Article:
We wanted to talk to Professor Ostrom and her students about applying their “governing the commons” research to public space in Toronto. She and her colleagues seemed a bit puzzled why seven Canadians from a park would come all that way to see them, but they were kind and hospitable, and the trip was well worth it. To top it off, there was a phone message waiting when the group got home: the Ontario Trillium Foundation has decided to award CELOS a grant of “$100,000 over two years to apply the ‘common resources’ work of Nobel-prize-winning economist Elinor Ostrom to enlivening urban parks by supporting the efforts of local groups and creating an accessible database of resources related to park usage in order to increase access to ten parks across Toronto.” Lots of work ahead, but wonderful news. To find out more:


Besides the presents you want to wrap up in shiny paper, here are some other nice presents to give:
1. The Children’s Storefront: the approach its founder Ryva Novick was a big inspiration for much of what’s on offer for families at Dufferin Grove. Last year on the night of October 31 2009, the Storefront tragically burned to the ground, with the death on an upstairs tenant. Now the Storefront is almost ready to re-open, at a new location on Bloor Street at Shaw – they’re not only our inspiration, but also now our much-nearer neighbor. They need only a little more money to finish their renovations and move in. To find out how to give them a present:
2. The Guatemala Stove Project builds masonry stoves for Mayan families, in the Western Highlands, whose only source of heat for cooking is an open and unvented kitchen fire. (The community ovens at the park are masonry ovens, different but related in usefulness.) Each stove costs $225 to build. Some park friends are travelling to Guatemala in February to help build some more. If you feel like going in with some friends to pay for one more stove:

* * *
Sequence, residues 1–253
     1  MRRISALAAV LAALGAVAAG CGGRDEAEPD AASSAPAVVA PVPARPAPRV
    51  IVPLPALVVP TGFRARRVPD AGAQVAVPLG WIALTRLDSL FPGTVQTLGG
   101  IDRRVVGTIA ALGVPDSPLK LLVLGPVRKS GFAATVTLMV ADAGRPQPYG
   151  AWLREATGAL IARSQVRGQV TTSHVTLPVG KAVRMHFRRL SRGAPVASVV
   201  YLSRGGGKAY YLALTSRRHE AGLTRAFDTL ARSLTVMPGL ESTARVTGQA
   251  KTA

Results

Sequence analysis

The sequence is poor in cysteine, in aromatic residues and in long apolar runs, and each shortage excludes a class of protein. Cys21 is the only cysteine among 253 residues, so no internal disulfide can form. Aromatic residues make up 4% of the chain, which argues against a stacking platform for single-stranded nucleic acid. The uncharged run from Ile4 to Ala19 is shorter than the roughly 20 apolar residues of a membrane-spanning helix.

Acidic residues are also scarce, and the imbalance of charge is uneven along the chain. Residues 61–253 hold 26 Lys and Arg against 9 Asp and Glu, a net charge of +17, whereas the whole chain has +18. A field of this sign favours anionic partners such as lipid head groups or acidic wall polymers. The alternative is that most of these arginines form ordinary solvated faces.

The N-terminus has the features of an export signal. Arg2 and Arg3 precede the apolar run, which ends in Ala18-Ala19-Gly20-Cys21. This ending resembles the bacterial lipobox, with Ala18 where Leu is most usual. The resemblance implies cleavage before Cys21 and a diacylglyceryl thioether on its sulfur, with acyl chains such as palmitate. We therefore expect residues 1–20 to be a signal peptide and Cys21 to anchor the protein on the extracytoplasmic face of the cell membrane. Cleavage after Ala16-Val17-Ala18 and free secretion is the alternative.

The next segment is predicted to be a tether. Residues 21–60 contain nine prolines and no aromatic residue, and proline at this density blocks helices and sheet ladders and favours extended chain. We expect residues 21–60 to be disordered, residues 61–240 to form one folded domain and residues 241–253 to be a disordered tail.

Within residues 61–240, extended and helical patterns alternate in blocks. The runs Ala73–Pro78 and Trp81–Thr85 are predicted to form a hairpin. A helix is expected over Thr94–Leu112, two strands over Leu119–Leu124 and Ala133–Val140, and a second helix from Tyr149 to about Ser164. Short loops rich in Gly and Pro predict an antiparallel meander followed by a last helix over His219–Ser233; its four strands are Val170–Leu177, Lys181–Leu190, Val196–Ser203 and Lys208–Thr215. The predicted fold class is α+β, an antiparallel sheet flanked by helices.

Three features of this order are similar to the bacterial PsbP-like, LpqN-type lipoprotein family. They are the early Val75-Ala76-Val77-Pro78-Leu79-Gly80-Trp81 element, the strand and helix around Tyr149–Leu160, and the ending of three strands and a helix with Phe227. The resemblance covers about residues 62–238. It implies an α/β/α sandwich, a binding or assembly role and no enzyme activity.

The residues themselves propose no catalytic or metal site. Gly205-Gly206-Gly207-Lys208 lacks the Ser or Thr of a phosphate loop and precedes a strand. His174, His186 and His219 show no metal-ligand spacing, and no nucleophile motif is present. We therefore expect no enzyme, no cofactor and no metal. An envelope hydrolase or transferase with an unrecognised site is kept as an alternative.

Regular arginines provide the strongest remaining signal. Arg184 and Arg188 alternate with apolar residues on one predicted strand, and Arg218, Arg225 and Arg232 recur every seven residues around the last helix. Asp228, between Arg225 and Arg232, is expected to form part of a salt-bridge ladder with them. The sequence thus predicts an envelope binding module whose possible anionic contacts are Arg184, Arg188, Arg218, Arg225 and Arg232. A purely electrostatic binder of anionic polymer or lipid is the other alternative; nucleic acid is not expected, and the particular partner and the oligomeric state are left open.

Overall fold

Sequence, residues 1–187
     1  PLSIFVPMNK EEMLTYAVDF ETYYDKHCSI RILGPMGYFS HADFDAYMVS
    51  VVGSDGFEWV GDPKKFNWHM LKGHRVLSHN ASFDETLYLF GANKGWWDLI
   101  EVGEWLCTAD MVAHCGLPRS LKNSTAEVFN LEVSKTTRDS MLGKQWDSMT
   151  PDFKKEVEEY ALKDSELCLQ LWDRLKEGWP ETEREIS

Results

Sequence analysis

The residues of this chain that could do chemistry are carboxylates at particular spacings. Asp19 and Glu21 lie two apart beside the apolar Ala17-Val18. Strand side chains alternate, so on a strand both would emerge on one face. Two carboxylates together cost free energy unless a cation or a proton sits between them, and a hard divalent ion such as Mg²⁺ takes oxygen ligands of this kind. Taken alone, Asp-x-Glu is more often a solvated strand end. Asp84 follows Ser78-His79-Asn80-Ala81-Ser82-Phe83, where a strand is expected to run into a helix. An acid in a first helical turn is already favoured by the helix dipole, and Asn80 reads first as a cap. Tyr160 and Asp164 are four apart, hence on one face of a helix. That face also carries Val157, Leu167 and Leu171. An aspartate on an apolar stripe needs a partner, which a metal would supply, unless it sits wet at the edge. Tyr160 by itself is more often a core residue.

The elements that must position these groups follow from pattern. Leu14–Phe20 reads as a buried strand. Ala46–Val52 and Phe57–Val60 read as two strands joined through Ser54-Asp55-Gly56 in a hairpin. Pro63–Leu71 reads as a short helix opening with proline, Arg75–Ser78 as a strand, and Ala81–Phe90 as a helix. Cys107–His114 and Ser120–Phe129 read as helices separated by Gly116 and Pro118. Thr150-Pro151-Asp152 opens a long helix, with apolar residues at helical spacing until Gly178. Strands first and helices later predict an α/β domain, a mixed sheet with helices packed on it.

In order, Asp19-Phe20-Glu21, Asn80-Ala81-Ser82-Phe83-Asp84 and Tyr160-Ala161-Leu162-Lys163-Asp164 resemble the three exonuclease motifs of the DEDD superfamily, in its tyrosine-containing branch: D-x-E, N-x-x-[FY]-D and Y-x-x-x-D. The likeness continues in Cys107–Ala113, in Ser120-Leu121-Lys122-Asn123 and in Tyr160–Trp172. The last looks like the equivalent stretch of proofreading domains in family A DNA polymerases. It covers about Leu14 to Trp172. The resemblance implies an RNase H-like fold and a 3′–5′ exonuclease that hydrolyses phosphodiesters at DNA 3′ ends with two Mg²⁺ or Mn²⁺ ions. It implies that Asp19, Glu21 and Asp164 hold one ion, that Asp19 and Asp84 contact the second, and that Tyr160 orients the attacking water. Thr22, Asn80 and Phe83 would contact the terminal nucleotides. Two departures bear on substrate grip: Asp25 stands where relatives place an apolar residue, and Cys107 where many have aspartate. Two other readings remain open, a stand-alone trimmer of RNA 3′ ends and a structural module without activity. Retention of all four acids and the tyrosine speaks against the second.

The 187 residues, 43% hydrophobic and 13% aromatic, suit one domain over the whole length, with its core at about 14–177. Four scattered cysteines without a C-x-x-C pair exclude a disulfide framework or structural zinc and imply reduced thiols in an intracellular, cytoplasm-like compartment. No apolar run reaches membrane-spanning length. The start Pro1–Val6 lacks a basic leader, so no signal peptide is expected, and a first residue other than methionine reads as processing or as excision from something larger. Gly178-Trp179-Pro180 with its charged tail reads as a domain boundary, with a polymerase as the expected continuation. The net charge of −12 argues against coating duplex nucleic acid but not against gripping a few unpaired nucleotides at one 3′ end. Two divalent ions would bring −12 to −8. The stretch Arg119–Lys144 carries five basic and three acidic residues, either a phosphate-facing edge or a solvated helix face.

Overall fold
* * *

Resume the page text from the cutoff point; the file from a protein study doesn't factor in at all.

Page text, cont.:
3. And one gift came early: David Rothberg and his wife Alicia Peres have just donated $7500 to CELOS, to “build bridges between humans.” With our new City Councillor Ana Bailao’s help to negotiate the bureaucracy, that means Campbell Park clubhouse/rinkhouse can get better wiring for its stove and fridge, and the Thorncliffe Women’s Committee (our friends at R.V.Burgess Park) can get a Tandoor oven built in their park. There will be more uses for this fund. Good food in parks builds bridges!


This year, both Christmas Eve and New Year’s Eve are on a Friday. There will be a wonderfully overflowing farmers’ market on Dec.23, and a small stock-up market on Dec.30. On all Thursdays, the rink clubhouse is shared between the skaters, the farmers, and the food customers – tricky but not impossible. The late frost this year means there is still a lot of freshly harvested produce, and also meat, baked goods, cheese, olive oil, honey, chocolate, preserves, and more. Sometimes it gets crowded, but it’s a friendly crowd. And the rink staff will stash your groceries for you if you want to have a skate after shopping.


Newsletter prepared by: Jutta Mason

Illustrations: Jane LowBeer

Published by: CELOS

Web sites: Henrik Bechmann, Aseel Al Najim,

Park phone: 416 392-0913

Park web site:


October Newsletter sponsored by: Edward Cayley